Every now and then a Japanese animal lover asks me, in English, “Do you feed a dog?”

If I were in a sarcastic mood I suppose I could snap in reply, ワンチャンに餌をやらないと、餓死するんじゃないの? (Wanchan ni esa o yaranai to, gashi suru-n ja nai no?; If I didn’t feed the doggie, it would starve to death, no?). But that would only compound the confusion, because I was just being asked if I have a pet.

Even when asked in Japanese, however, the question is still a bit confusing, because “Inu o katte-imasu ka?” sounds almost exactly like 犬を買っていますか? (“Are you [in the act of] buying a dog?”). The listener must differentiate between the verbs 飼う (kau, to feed or raise) and 買う (kau, to buy) by the context.

Moreover, while the Japanese word for owner is 持ち主 (mochinushi, literally, “possess master”), dogs, by virtue of being animate objects, must be fed and walked and so on. So Japanese would describe a dog owner as 飼い主 (kainushi, literally, “feed master”).

This confusion could be avoided if the question was phrased as お宅に愛犬がいますか? (O-taku ni aiken ga imasu ka?, Do you have a love dog [i.e., pet dog] at your house?).

While it doesn’t work for dogs, the verb 持つ (motsu) translates variously as to own, possess, hold or carry. We often see it used with 持ち込み (mochikomi, to bring in) or 持ち出し (mochidashi, to take out), for instance on signs on buses that read 危険物持ち込み厳禁 (Kikenbutsu mochikomi genkin, Carrying dangerous objects aboard the bus is strictly prohibited). Or, in a repair garage, tools might carry the label 社外 持ち出し禁止 (Shagai mochidashi kinshi, Prohibited to remove from the workplace).

A person born into wealth who has never had to work for a living might be colorfully described as 箸より重い物を持ったことがない (Hashi yori omoi mono o motta koto ga nai, He’s never had to lift anything heavier than chopsticks).

Motsu can be used not only to indicate possession of tangible objects, but also convey feelings or emotions. A commonly heard expression is 気持ちが悪い (kimochi ga warui, bad-feeling), which can be used when reacting to something disagreeable, unpleasant or disgusting.

If you look at the embarkation/disembarkation card for travelers used by the Japanese Immigration Bureau, you’ll see it asks arrivals あなたは現在、現金をいくらくらい所持していますか? (Anata wa genzai, genkin o ikura kurai shoji shite-imasu ka?, How much cash do you currently have in your possession?).

The word 所持 is a good example of bureacratic language. If a customs inspector were to ask you the same question orally, he would almost certainly say 現金はいくらくらい持っていますか? (Genkin wa ikura kurai motte-imasu ka?, About how much have you got on you?)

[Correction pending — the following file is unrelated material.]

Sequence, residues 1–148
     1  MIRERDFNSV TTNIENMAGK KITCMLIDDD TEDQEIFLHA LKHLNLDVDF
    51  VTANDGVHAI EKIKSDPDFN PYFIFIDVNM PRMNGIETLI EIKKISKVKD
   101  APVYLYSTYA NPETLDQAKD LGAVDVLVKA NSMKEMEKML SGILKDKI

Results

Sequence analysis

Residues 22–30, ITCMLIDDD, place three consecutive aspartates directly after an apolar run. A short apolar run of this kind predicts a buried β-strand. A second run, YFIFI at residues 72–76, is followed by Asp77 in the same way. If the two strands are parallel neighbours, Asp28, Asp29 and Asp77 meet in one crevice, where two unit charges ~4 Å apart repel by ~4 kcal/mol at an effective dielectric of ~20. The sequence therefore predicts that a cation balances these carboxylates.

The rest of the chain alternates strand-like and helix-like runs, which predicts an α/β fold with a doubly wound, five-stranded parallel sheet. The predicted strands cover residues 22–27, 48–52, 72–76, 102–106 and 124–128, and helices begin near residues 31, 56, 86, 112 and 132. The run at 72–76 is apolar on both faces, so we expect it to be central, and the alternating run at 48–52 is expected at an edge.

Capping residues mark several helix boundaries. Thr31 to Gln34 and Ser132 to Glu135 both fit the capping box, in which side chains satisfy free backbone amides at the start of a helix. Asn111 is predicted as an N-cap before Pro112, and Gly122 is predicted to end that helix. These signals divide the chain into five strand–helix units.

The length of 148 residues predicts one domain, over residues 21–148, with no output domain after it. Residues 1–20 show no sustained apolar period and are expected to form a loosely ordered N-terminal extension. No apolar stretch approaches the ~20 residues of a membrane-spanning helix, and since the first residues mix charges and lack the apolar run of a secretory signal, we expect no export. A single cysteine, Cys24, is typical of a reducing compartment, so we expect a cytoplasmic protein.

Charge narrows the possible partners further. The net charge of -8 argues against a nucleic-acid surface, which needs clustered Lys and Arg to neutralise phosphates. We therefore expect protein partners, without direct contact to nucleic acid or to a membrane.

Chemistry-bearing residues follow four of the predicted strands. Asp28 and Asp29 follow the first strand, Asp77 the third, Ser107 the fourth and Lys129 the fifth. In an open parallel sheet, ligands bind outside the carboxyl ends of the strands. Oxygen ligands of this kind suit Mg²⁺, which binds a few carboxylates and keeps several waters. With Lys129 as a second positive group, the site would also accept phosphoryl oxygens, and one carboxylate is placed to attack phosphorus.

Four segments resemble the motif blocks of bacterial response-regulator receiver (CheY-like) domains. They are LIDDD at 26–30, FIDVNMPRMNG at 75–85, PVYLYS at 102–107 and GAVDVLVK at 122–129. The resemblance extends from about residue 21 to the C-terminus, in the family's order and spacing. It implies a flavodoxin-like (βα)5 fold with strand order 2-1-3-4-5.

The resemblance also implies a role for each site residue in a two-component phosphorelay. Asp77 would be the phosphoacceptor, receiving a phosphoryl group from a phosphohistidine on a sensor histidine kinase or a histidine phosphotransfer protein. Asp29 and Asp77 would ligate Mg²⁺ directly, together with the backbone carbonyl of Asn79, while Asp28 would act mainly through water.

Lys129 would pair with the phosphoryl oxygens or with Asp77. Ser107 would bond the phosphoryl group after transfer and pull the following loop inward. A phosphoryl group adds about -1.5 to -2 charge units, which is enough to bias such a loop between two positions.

[A useful grammatical point: When 所 (sho) precedes another character, it functions much like a particle to introduce the passive form of a verb or a relative clause. It can be found in such words as 所謂 (iwayuru, so-called), 所属 (shozoku, belong to), 所在 (shozai, whereabouts) and 所定 (shotei, fixed or prescribed), among others.]

Motsu, by the way, is one of 1,322 characters using the 手偏 (tehen, hand classifier), which — when tallying the 50,305 characters listed in the revised edition of Morohashi’s 大漢和辞典 (Dai Kanwa Jiten, The Great Chinese-Japanese Dictionary) — means it ranks fifth among kanji classifiers, following 艸 (kusa or kusa kanmuri, grass), with 2,173 characters; 水 (mizu) or氵 (sanzui) (water) with 1,816; 木偏 (kihen, tree) with 1,617; and 口偏 (kuchihen, mouth) with 1,475.

One aspect of kanji with tehen I find instructive is that even for words that take the same pronunciation, meanings can be nuanced. Take the English verb “take,” for example. (Come to think of it, I just did.) “Take” is used to form dozens of idioms that refer to a multitude of different activities, e.g., it takes 10 minutes to walk to the station (duration); you take (swallow) medicine three times a day; you take (ride) the Yokosuka Line to Kamakura; you take away (remove) dishes from the table; take (snap) a photograph; take (capture) someone prisoner; or take (escort) a sick child to the doctor, and so on.

The closest Japanese equivalent, toru, is most commonly written 取る; but it can be expressed by about a dozen kanji, of which at least four are written with the hand classifier. There’s 採る (toru, to pick or harvest), whose kanji is also used to take a sample of blood, as in 採血する (saiketsu suru). Then there’s 捕る (toru, to catch or capture), used in the compound word 逮捕する (taiho suru, to arrest). A camera is used for 写真を撮る (shashin o toru, to take a photograph) — although a distinction is made for more recent technologies such as video by using another toru, written 録る, meaning “to record sounds and/or images.” Yet one more toru is 摂る, as in “to take nutrition,” used in 摂食 (sesshoku, feed), as in 摂食障害 (sesshoku shogai, an eating disorder).

One can easily conclude ああ、正に手偏の漢字はバラエティに富んでる (Aa, masa ni tehen no kanji wa baraeti ni tonderu; Oh, kanji with the hand radical are brimming with variety).


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